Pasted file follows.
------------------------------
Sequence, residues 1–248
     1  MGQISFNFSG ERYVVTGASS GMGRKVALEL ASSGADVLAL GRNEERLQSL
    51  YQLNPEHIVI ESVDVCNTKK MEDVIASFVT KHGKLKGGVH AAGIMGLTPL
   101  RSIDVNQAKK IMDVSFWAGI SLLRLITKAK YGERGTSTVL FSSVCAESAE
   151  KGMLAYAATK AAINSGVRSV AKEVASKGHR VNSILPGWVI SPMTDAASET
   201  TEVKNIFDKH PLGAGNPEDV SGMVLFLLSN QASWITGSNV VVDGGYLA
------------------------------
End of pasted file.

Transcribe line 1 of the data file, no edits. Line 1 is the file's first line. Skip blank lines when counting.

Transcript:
Sequence, residues 1–248